The exercise of imperial power on the periphery

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  • Created on: 06-04-13 16:50

The Coercion interpretation

When the colonial authority was threatened, the British reacted violently (source H).

  • Limitations on the use of coercion

The British authorities realised that using coercion created resentment amongst the local population encouraging resistance. The British did not have the men or resources to govern without the consent or cooperation of those whom they ruled e.g. source K, page 56.

General Edward Dyer ordered his troops to open fire on a group of unarmed Indians who had disobeyed an order banning public gatherings by congregating near the Sikhs’ holiest shrine in Punjab. Hundreds were killed and more than 1,000 injured. This resulted in local outrage and protest in Britain in which the General was forced to retire.

This demonstrates colonial authorities employing coercive tactics which were restricted by metropolitan pressures. British politicians and voters did not want the Empire to be perceived as a torturous one but they were not inclined to spend excessive amounts of money on the military. Therefore the actions of ‘men on the spot’ were controlled by the numbers of men and weapons available.


The technology and ‘native bashing’ interpretation

By the twentieth century, developments in air, land and water transport allowed troops to reach crises even more quickly than before. Britain began to place greater emphasis on air power for investigation, supply and attacking enemies. For example when the RAF helped defeat a revolt in Iraq in 1920. As a consequence many troops could be safely withdrawn from certain areas without compromising security. For example, between 1921 and 1928, the garrison of Iraq was reduced from 23 British and Indian battalions to two battalions.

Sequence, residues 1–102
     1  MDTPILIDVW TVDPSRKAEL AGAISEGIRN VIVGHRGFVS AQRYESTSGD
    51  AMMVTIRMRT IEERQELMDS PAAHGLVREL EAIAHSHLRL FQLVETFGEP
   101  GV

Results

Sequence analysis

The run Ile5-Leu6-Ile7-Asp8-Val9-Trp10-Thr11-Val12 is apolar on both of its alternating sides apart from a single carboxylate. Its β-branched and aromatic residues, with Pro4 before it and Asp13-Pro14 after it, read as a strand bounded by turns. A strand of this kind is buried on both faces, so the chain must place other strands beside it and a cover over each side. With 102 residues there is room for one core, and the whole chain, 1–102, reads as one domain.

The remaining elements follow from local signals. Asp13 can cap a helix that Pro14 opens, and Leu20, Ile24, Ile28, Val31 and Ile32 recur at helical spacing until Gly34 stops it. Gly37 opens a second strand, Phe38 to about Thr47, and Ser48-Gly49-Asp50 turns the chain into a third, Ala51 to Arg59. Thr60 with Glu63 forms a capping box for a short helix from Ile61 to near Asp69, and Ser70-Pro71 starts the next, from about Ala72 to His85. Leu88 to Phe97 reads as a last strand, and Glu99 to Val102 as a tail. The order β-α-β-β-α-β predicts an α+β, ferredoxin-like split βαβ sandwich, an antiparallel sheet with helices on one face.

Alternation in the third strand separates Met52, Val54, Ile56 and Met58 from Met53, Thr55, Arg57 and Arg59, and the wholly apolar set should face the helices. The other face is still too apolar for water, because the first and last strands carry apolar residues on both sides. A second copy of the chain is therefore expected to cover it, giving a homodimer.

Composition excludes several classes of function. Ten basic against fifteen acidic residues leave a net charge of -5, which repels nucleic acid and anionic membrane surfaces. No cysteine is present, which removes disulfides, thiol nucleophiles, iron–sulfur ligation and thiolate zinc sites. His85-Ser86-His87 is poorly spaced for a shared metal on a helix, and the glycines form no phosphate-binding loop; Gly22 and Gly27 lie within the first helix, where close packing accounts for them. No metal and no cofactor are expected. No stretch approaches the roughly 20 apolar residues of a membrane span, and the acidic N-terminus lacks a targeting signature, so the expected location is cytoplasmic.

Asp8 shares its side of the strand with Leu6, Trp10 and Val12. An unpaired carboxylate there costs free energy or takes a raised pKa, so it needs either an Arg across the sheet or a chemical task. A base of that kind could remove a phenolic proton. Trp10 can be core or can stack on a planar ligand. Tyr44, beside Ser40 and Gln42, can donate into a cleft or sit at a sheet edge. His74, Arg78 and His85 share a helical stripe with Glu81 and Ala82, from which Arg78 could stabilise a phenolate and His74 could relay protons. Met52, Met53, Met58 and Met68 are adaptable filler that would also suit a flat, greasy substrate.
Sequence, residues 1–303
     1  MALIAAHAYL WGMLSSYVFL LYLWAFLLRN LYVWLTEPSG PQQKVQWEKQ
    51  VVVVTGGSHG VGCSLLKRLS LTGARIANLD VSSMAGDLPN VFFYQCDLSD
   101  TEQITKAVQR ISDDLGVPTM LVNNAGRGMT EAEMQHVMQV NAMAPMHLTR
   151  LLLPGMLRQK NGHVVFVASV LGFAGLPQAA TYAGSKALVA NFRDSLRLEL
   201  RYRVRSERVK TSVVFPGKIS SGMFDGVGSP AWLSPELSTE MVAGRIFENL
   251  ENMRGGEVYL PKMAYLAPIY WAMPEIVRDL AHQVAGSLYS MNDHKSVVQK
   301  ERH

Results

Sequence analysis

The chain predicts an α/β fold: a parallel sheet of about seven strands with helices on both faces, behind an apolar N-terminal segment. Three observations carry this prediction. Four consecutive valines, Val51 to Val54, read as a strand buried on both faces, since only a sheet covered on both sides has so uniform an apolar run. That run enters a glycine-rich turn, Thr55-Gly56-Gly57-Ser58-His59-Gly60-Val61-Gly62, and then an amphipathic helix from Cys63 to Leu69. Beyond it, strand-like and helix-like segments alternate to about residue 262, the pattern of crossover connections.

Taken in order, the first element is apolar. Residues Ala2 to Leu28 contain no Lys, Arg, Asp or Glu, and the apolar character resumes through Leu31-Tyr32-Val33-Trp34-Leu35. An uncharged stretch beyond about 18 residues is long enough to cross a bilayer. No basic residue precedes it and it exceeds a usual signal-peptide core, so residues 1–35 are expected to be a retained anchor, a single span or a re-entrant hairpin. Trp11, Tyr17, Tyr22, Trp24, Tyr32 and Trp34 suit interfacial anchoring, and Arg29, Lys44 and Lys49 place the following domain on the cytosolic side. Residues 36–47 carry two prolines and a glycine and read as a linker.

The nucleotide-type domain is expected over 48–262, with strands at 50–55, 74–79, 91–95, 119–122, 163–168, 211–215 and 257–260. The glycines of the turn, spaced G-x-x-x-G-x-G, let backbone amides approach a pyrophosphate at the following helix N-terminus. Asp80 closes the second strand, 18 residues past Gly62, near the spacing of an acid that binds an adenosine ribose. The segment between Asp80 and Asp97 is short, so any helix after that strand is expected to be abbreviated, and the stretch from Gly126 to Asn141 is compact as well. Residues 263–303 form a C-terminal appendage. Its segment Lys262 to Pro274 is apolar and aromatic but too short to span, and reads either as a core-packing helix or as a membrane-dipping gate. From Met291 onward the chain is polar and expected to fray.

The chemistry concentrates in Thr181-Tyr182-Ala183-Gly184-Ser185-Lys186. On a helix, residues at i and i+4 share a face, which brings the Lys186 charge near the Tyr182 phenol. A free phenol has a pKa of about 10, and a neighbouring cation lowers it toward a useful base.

Newsinger believes that ‘imperial occupation inevitably involved the use of violence and that, far from being a glorious affair, it involved considerable brutality against people who were often virtually defenceless’. Britain relied on weapons such as the machine gun to maintain authority.

The ‘native bashing’ interpretation can be disproved. In the nineteenth century, Britain did not always have the technological advantage when engaged in a colonial conflict. For example, in New Zealand in the 1860s, the Maori possessed European musketry and used trenches to limit the impact of artillery. Their eventual defeat was due to lack of numbers rather than primitive arms. Local groups had the advantage of fighting in terrain they knew.

Mike Snook challenges the ‘native bashing’ interpretation and argues that the ‘portrayal of Queen Victoria’s enemies as helpless victims of imperialism serves only to demean the often sophisticated indigenous societies at the time. In military terms it belittles their intelligence, their fighting spirit and their capacity for a degree of guile as highly developed, if not more so, that that of their British opponents’.

Approaches that utilise the theories of hegemony and false consciousness

A colonial state cooperated with Britain because of the rewards on offer or from fear of being tortured. But coercion fails to explain why few British administrators and soldiers were able to maintain authority over the indigenous people.
British rule has been

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